Negative publicity about the hormone disrupting chemical BPA has encouraged chemical companies to look for substitutes for bisphenol A. One such compound, bisphenol S, is often used in BPA-free consumer products made of plastic.
Animal research indicates that BPS may interfere with normal heart rhythm. Under stressful conditions, exposure to BPS resulted in extra heart beats and an arrhythmia called ventricular tachycardia in female rats. The level of BPS used in the study was comparable to amounts humans might be exposed to.
[International Society of Endocrinology, June 23, 2014]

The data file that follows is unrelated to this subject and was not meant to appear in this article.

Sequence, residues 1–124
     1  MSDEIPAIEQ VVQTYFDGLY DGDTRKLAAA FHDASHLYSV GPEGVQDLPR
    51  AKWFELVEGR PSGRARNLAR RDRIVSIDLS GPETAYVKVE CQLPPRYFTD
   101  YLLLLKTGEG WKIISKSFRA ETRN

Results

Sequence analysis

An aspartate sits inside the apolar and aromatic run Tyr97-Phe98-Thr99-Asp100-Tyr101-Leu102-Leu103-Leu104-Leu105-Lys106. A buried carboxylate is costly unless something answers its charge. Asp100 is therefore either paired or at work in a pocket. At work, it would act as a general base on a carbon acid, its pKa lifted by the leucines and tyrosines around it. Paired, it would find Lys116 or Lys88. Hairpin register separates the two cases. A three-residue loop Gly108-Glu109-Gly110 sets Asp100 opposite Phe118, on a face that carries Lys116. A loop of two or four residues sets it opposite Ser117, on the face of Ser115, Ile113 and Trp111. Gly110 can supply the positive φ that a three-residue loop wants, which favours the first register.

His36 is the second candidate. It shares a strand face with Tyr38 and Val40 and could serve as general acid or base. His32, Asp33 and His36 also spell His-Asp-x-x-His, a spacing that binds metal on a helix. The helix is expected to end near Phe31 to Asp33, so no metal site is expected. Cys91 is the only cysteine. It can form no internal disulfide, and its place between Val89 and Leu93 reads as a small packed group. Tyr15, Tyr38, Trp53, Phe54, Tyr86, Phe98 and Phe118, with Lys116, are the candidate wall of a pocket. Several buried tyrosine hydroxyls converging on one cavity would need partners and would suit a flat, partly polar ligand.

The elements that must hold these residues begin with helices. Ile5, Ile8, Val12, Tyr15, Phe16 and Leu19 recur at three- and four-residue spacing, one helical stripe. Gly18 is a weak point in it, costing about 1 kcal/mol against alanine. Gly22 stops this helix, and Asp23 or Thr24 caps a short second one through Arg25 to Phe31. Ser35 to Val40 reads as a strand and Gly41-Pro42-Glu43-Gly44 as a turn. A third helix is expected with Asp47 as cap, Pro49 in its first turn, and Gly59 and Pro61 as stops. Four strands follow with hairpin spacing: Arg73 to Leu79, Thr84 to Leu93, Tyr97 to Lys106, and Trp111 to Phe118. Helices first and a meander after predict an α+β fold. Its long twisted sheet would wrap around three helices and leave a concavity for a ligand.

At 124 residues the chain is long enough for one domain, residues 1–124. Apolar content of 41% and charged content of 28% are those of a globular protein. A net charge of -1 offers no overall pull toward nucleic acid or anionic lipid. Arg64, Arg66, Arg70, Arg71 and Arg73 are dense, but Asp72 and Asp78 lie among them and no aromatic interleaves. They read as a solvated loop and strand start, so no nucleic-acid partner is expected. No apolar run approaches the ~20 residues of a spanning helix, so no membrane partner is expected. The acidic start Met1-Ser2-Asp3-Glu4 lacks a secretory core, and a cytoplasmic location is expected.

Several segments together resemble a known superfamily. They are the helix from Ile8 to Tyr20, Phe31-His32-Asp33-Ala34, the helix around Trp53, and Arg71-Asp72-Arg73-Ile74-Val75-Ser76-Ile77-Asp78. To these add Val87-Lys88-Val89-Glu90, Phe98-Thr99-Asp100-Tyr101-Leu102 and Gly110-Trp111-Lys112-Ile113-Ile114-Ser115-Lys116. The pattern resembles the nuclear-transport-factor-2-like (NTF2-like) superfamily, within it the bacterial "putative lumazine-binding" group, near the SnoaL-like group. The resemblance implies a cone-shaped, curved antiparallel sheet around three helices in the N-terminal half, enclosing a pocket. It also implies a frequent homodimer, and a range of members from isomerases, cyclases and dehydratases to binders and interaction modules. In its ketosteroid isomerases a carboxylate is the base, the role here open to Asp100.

The People’s Pharmacy perspective, while acknowledging that BPA has not been proven beyond doubt to harm humans, is that we’d be better off avoiding such chemicals. BPA is readily absorbed from packaged foods (especially canned foods like soup), but it doesn’t last long in the body. Minimizing packaged food can cut down on the amount of BPA and BPS floating around in our bodies.
Learn more from this radio show: https://www.peoplespharmacy.com/2012/03/17/850-bpa-in-your-soup/